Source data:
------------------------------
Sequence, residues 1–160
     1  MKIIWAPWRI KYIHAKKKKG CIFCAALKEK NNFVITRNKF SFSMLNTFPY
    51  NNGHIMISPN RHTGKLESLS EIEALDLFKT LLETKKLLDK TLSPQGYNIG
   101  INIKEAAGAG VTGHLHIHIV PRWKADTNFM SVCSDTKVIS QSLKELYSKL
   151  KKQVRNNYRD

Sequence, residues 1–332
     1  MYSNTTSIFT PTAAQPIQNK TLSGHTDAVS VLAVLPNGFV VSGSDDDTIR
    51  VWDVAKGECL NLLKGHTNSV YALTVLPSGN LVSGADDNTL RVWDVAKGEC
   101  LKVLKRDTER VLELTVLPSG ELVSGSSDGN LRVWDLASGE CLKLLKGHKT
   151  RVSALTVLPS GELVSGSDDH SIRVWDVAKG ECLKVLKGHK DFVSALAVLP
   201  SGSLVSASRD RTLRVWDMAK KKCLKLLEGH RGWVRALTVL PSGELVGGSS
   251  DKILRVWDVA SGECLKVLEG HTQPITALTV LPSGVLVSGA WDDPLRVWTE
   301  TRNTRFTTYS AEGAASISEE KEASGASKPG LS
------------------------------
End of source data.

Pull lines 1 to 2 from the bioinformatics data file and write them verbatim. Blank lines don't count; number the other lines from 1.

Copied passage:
Sequence, residues 1–160
     1  MKIIWAPWRI KYIHAKKKKG CIFCAALKEK NNFVITRNKF SFSMLNTFPY